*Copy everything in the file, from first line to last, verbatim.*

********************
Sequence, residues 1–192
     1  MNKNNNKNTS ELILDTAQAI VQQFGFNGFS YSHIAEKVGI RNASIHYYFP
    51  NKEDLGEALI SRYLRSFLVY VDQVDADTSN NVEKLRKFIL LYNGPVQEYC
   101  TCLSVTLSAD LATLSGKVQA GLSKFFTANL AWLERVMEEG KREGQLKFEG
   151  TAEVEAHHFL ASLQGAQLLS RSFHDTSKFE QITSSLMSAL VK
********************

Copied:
Sequence, residues 1–192
     1  MNKNNNKNTS ELILDTAQAI VQQFGFNGFS YSHIAEKVGI RNASIHYYFP
    51  NKEDLGEALI SRYLRSFLVY VDQVDADTSN NVEKLRKFIL LYNGPVQEYC
   101  TCLSVTLSAD LATLSGKVQA GLSKFFTANL AWLERVMEEG KREGQLKFEG
   151  TAEVEAHHFL ASLQGAQLLS RSFHDTSKFE QITSSLMSAL VK